In coworking, freelancers and contractors share work space – and sometimes professional or philosophical affinities. On Tuesday morning, about twenty coworking managers, owners, and enthusiasts met for breakfast at Citizen Space to attend "The Current State of Coworking" – a discussion organized by Chris Heuer as part of Social Media Week, SF.
Off the Waffle in Eugene, Oregon is not your typical waffle house. You won’t find pads of butter, bottles of fake maple syrup, or sides of hash browns and eggs here.
The owners, brothers Omer and Dave Orian, are in their mid-twenties and usually sport matching red afros. They and their seven employees serve traditional Belgian Liège waffles made from yeast-leavened batter. They use pearled sugar imported from Belgium, which caramelizes through the waffles, making them crunchy on the outside and moist on the inside.
Augmented reality allows our electronic devices to superimpose digital information on physical spaces. If that seems like a hard concept to get your head around, these two videos might help.
"If only drivers could see through walls, blind corners and other dangerous road junctions would be much safer," reports New Scientist. "Now an augmented reality system has been built that could just make that come true." Like so:
I stumbled across the photography of Mike Sinclair while researching images for a Shareable.net article on public spaces. After combing through dozens of pictures of Roman piazzas and English village greens, I was impressed by the vividly American quality of Sinclair's gathering places.
We've highlighted many examples of open office plans that try to encourage collaboration and democracy in the workplace, from an innovative office design in Utah to the open plan of Menlo Communications in Ann Arbor, Michigan. Shareabe.net reader Annemarie Harris writes to tell us about yet another exciting open source office in Michigan:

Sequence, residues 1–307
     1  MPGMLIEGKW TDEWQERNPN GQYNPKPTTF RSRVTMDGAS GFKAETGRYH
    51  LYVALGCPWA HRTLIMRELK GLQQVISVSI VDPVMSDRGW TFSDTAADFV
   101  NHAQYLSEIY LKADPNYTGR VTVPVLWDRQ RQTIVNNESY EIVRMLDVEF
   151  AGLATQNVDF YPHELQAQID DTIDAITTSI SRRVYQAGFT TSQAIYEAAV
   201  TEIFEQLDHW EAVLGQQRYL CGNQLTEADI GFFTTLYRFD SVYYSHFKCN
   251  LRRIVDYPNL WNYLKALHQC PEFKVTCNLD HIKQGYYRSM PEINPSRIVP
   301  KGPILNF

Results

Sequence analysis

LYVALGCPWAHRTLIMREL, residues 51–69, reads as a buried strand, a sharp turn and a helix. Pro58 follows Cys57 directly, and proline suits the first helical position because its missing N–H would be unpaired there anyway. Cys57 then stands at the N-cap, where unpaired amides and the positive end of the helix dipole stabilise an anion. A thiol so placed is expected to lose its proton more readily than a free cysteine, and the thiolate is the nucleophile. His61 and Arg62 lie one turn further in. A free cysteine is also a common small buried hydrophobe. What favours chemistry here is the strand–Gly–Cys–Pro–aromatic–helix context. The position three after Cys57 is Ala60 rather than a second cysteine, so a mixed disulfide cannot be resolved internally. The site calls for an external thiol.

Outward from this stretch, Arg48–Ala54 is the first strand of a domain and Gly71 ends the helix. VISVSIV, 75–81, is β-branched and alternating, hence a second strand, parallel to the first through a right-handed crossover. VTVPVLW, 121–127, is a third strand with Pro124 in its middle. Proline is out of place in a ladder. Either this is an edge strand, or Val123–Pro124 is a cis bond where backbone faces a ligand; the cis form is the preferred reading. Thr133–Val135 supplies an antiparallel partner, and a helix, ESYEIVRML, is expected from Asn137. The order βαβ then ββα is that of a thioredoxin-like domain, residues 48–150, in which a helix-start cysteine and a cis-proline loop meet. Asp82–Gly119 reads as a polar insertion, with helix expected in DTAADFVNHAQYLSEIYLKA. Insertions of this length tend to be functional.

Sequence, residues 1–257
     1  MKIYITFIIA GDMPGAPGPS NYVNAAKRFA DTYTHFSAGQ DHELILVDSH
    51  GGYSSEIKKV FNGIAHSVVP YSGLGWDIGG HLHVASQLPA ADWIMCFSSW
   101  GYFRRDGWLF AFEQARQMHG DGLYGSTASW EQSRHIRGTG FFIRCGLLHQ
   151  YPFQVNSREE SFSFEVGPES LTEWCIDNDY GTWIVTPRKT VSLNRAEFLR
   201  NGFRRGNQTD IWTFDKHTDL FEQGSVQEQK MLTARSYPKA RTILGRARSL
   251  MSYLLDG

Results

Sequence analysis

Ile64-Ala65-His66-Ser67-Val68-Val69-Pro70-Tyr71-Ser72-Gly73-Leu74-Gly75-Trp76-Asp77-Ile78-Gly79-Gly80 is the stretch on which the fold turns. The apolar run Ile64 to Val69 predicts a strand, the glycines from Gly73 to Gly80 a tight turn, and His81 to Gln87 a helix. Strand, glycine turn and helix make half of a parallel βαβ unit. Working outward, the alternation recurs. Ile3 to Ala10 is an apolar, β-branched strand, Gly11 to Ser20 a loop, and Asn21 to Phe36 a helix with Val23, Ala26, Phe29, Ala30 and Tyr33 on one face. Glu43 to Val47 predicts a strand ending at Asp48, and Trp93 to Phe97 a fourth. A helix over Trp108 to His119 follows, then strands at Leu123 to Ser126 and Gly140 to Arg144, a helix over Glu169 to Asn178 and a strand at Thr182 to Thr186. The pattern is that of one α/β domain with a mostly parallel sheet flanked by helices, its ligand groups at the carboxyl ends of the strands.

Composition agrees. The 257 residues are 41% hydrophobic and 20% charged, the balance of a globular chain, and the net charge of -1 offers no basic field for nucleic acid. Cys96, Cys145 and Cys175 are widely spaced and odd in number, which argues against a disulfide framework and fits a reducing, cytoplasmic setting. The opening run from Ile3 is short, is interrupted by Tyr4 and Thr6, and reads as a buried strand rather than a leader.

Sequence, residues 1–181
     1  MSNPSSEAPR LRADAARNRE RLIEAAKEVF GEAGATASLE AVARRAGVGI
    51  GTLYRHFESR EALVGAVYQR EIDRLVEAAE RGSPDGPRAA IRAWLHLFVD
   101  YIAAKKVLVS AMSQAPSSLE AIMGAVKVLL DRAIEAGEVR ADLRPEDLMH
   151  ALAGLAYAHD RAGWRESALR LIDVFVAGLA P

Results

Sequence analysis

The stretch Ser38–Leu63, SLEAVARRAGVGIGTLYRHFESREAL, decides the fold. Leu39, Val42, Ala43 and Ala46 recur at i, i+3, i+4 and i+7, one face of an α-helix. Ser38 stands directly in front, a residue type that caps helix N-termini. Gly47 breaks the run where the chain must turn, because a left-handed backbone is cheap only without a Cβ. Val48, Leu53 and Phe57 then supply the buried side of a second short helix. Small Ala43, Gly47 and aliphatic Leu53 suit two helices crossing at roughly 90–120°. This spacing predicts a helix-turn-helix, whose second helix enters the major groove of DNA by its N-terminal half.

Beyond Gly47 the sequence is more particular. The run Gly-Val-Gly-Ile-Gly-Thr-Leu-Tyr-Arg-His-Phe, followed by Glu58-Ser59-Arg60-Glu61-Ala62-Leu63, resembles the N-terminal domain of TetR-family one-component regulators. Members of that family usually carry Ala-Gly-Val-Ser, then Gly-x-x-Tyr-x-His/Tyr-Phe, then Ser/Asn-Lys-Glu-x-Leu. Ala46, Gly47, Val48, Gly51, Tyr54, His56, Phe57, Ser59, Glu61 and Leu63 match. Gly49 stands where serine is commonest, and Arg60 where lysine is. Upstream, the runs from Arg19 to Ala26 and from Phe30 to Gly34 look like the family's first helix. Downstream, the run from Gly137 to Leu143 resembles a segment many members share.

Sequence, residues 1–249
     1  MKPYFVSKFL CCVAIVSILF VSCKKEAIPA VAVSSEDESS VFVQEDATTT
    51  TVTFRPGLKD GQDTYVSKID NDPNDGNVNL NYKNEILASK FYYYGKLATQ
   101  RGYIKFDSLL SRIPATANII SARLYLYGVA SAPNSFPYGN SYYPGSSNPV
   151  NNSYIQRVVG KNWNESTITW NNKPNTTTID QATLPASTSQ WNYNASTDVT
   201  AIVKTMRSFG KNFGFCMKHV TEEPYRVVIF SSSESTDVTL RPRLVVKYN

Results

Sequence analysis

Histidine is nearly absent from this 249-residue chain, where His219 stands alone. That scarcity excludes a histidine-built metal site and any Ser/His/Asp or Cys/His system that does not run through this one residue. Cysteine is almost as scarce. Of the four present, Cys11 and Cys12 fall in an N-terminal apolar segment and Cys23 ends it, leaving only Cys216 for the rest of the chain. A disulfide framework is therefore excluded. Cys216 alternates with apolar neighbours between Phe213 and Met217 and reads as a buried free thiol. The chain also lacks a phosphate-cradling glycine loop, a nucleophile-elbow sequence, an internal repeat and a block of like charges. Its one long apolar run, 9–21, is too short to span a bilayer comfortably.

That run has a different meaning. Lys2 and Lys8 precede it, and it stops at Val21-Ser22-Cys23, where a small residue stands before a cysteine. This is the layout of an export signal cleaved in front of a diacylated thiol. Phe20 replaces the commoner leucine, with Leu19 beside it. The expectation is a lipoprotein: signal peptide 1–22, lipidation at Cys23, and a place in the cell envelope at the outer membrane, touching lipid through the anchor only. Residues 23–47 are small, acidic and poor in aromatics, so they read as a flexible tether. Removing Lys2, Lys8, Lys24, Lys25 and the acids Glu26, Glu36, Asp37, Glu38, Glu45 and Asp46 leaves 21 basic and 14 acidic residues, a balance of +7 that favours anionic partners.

Earlier today, I discussed research about how designing cities without walls between racial groups can help breed tolerance. But what about the media?
As the magazine Miller-McCune reports, a new study from the USC Center for Public Diplomacy finds that "viewers worldwide turn to particular broadcasters to affirm — rather than inform — their opinions."
In this nine-minute TED video, Nate Silver (primary author of the blog FiveThirtyEight) explores racial attitudes in the 2008 elections.
His conclusion: Along with education levels, population density and neighborhood design were the most important factors predicting whether anti-black bias influenced a voter in 2008.
"Yes," he says, "racism is predictable."
Time exchanges have been around for over a 100 years, presumably much longer in various forms, many undocumented.
During the last two great depressions in the US, hundreds of thousands (possibly millions) of people organized to meet their basic needs when the mainstream economy and centralized monetary system failed them. Unemployed poor folks got together to create time dollar stores, cooperative mills, farms, healthcare systems, foundries, repair and recycling facilities, distribution warehouses, health care systems, and a myriad of other service exchanges.
As reported by Twilight Greenaway: A University of San Francisco professor assigns her students to increase the sustainability of a corner store called the Save More Market in the city's diverse, low-income Western Addition neighborhood. Their nifty suggestion: